The statistics in the report My GP and Me are shocking – women’s lifespans are cut by 20 years if they have a learning disability, and men by 13 years. Half the people surveyed struggled with long-term constipation due to poor diet, limited exercise and medication, and weren’t attending cancer screenings.
All of this is preventable – and a whopping 98% of GPs surveyed have asked for training to tackle these issues. Many of the health inequalities that people with learning difficulties face could be identified during an annual check-up. But for people who have had a negative experience with doctors and who have anxiety, going to an annual check-up or a cancer screening is a challenge.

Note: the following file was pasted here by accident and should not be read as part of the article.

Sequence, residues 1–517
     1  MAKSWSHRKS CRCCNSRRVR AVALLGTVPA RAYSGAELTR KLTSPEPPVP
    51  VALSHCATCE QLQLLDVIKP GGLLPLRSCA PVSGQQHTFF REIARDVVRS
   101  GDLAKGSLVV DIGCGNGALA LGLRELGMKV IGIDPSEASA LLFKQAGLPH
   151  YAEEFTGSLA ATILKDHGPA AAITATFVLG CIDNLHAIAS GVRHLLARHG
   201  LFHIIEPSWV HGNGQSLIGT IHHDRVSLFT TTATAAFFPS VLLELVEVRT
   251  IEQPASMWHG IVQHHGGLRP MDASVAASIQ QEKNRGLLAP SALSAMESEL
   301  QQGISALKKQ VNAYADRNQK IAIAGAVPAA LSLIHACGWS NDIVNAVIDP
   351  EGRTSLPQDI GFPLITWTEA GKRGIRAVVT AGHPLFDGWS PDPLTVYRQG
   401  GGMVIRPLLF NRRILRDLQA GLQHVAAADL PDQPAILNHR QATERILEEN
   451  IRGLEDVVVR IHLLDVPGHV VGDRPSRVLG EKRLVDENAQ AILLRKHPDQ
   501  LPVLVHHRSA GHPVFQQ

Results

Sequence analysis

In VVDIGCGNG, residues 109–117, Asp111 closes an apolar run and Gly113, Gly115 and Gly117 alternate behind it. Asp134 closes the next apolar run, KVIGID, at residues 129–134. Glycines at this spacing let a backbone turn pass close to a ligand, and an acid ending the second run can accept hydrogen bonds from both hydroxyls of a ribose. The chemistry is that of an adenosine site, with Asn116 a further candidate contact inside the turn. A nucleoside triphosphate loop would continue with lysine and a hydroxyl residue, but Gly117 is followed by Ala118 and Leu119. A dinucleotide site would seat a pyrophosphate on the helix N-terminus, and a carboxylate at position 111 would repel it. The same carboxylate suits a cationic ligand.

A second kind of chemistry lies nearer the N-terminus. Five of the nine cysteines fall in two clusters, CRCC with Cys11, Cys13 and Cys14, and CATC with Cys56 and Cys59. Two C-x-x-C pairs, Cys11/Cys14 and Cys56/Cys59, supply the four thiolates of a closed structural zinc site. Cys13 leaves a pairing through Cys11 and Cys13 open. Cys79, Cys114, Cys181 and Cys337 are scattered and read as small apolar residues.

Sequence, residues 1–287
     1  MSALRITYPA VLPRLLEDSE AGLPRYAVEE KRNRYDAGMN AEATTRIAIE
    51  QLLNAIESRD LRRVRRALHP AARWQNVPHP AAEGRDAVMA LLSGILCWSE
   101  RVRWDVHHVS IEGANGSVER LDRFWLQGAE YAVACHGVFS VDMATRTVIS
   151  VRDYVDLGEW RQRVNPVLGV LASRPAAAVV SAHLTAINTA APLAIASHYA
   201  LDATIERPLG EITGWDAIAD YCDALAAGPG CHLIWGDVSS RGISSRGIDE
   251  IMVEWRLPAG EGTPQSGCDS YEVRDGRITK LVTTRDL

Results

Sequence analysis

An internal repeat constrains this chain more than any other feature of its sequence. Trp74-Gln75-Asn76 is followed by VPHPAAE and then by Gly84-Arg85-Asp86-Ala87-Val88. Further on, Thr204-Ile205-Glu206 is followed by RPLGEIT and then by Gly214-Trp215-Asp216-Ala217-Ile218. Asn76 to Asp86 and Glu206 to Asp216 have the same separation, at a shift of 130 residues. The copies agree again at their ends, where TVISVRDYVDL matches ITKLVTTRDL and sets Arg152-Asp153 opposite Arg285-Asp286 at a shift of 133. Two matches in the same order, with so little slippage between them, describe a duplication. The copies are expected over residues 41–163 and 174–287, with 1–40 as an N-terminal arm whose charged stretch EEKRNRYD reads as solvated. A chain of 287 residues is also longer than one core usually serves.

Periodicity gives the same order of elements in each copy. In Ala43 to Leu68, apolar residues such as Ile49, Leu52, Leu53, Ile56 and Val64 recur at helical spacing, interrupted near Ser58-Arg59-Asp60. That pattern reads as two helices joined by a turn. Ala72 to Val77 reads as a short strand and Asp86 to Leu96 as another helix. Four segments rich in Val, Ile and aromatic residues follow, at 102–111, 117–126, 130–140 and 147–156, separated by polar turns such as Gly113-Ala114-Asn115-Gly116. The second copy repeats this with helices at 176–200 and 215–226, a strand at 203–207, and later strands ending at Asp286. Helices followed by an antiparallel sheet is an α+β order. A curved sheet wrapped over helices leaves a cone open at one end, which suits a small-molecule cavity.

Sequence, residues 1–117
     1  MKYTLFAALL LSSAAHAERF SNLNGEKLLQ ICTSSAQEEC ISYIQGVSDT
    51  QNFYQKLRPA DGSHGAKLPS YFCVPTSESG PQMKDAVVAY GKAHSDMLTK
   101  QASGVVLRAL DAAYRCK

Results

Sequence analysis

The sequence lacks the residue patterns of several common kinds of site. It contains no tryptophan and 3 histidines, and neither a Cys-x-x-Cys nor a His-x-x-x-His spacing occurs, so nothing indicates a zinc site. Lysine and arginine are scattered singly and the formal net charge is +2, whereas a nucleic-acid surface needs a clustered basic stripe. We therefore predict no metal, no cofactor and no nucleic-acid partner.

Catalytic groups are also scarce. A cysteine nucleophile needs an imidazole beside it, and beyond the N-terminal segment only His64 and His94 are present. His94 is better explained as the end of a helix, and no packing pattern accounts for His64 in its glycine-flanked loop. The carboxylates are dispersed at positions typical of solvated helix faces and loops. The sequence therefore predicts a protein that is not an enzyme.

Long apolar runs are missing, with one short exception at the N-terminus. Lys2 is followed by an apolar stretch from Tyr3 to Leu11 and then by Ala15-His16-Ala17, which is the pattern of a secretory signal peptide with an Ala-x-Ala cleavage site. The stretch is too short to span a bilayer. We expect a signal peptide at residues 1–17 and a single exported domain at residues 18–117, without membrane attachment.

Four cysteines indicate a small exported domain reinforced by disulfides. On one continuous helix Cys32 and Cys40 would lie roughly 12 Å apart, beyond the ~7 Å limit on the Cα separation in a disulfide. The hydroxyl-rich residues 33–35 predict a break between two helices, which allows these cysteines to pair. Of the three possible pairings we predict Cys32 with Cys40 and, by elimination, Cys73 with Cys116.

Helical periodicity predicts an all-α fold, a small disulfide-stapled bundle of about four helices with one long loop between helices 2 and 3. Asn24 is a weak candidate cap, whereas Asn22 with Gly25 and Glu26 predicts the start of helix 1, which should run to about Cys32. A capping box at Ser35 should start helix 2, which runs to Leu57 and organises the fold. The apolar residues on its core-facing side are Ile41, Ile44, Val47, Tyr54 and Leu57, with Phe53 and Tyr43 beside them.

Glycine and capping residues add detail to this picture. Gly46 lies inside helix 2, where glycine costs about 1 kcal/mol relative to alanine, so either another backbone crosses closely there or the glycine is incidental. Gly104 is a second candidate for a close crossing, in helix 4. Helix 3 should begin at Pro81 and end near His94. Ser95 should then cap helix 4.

The amount of people with learning difficulties going to cancer and cervical screenings is well below the national average, and GPs have asked for more training in this area.
It’s a simple thing, but communication is key to resolving these issues. “I had the same doctor for 20 years,” says Jordan, who has cerebral palsy and learning difficulties. “He was really bad at understanding my needs, and communicating with me. I saw him regularly, and eventually got him to put reasonable adjustments in place, but it took a long time.”
People with learning difficulties reported that the doctor was either talking solely to their support worker, parent or family member and not to them, or vice versa. It’s unsurprisingly that they felt uninvolved in their own health and the medical decisions being made. This means that vital information is not getting across – after all, only a patient knows how they’re feeling, but a support worker might be in a better position to talk about habits, or medication.